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Earth Evolution
Earth Materials

Early Paleozoic 542 - 416 million years ago
Mollusca - the "Thin-shelled"

Early Paleozoic molluscs were still relatively rare during the Cambrian but already included diverse animals such as bivalves (mussels), gastropods (snails) and cephalopods (squids). They did not become an important element of the marine fauna until the Early Ordovician period.



Gastropoda (Snails)

They are univalved molluscs with asymmetrical spiral-coiled calcareous shells. Early Paleozoic Gastropoda were a varied group restricted to the marine environment.



Their skeleton consists of two calcareous valves connected by a hinge showing a bilateral symmetry where the plane of symmetry passes between the two valves. They originated in the Cambrian but were not very common during Early Paleozoic.

Fasciculodonta impressa Fang & Cope
Size: 9.5x6cm

Yunnanoredonia laevis Fang & Cope
Size: 6x4cm



Cephalopoda have symmetrical cone-shaped shells with internal partitions called septae.

A success story during the Ordovician was the diversification of nautiloid cephalopods which are characterized by smoothly curved septa. The animal's body occupied the last chamber while a siphuncle connected it with all the other gas- or fluid-filled chambers through a hole in each wall. By changing the content of gas and fluid, the animal could regulate its buoyancy. They swam by "jet propulsion", taking in water and then ejecting it through the tube. These intelligent carnivorous molluscs with shells up to 10 m long replaced the Cambrian Anomalocarids as the dominant life form and top predator of the world's oceans.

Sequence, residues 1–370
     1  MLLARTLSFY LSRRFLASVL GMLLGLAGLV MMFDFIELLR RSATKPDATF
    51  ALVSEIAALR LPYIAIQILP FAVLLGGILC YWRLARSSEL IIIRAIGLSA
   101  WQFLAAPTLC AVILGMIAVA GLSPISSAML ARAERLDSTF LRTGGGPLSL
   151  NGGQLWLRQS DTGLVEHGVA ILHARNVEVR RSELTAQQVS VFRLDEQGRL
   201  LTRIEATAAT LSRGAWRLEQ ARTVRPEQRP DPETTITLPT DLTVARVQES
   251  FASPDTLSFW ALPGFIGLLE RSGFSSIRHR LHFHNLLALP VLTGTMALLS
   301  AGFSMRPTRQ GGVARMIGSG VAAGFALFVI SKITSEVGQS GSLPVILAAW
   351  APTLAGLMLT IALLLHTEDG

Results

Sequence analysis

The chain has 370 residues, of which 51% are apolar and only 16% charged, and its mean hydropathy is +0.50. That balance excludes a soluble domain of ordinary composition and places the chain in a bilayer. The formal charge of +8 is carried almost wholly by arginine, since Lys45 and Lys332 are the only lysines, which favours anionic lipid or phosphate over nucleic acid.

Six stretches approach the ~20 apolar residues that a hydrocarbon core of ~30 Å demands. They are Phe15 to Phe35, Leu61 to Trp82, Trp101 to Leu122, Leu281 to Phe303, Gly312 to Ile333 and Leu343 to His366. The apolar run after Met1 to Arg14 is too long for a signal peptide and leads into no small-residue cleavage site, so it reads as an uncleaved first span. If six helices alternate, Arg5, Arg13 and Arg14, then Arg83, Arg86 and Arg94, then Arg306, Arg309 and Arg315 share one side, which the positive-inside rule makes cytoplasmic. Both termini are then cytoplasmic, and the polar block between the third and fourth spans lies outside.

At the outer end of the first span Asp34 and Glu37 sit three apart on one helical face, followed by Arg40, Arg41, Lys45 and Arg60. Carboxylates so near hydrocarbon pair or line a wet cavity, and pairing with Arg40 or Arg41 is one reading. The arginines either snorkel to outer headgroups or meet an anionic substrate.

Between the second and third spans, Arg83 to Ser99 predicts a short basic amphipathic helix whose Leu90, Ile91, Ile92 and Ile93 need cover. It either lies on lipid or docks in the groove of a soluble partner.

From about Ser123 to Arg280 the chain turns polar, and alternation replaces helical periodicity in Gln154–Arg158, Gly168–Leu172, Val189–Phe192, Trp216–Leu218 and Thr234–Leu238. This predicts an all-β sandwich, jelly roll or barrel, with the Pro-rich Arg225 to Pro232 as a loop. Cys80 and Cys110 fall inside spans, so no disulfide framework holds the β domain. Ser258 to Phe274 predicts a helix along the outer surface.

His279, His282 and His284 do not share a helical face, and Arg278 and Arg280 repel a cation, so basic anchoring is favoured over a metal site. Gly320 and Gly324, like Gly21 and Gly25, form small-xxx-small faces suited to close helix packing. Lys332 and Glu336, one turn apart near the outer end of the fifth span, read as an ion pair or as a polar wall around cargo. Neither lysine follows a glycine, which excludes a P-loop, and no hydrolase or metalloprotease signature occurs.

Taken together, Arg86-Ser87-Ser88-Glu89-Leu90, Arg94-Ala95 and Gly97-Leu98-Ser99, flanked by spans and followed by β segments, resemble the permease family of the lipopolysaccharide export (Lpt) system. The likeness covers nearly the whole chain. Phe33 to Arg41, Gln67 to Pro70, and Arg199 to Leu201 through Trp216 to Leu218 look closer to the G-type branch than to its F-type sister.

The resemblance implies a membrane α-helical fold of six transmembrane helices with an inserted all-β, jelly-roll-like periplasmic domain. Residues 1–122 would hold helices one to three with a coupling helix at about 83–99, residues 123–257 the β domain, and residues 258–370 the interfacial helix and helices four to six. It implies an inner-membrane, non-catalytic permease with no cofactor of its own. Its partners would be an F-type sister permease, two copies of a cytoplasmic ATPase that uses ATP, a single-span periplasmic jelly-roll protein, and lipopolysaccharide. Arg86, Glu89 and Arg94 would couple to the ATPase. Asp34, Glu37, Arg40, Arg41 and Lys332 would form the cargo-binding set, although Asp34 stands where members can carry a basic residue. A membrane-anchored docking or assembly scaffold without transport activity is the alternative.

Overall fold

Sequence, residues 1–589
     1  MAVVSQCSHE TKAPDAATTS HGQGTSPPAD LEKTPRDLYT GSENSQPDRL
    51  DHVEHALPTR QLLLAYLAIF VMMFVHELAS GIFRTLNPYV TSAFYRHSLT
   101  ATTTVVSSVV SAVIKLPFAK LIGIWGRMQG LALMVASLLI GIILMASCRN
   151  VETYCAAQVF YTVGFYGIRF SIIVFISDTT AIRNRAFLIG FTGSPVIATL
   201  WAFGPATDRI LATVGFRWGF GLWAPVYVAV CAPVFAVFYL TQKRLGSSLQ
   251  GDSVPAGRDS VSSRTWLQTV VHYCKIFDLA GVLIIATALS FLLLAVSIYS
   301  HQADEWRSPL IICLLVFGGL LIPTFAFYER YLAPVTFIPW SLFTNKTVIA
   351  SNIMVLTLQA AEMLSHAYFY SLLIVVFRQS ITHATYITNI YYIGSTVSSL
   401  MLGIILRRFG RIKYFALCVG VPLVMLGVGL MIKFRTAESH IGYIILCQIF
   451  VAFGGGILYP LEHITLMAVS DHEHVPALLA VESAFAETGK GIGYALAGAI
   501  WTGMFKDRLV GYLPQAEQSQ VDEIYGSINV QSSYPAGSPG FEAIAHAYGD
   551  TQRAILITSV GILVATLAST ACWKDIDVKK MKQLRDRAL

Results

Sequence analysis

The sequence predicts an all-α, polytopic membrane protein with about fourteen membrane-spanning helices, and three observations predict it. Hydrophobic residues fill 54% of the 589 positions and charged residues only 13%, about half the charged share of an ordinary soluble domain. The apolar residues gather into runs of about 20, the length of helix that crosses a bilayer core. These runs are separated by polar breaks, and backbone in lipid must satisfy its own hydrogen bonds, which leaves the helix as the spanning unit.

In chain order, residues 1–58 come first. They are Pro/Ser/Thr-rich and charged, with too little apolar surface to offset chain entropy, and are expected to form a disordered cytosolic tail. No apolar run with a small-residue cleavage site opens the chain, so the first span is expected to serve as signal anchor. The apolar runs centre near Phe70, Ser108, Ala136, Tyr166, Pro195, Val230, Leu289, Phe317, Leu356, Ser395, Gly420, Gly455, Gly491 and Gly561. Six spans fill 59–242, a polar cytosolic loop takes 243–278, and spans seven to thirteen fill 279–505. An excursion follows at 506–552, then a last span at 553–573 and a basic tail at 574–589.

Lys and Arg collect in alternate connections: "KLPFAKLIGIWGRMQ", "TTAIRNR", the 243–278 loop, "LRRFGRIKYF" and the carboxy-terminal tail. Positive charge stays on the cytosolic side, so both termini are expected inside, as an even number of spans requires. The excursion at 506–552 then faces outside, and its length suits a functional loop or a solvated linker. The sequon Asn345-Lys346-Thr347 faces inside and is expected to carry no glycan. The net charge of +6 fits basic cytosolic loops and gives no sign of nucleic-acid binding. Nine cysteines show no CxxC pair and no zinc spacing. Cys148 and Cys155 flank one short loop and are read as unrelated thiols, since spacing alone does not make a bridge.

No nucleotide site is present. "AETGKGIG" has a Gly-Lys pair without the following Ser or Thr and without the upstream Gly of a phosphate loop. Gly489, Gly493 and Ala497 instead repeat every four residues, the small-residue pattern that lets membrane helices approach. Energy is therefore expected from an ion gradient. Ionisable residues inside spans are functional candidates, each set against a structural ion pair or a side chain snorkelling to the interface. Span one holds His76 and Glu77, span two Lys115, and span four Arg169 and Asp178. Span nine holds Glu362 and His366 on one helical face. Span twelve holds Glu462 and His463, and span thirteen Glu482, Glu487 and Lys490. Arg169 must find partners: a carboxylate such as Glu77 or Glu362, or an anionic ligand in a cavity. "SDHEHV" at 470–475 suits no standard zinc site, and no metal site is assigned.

Early forms of straight (orthoconic) chambered shells evolved into forms that were coiled into a flattened spiral with overlapping shell layers, which made the shell stronger, while the even spacing of the chambers improved buoyancy.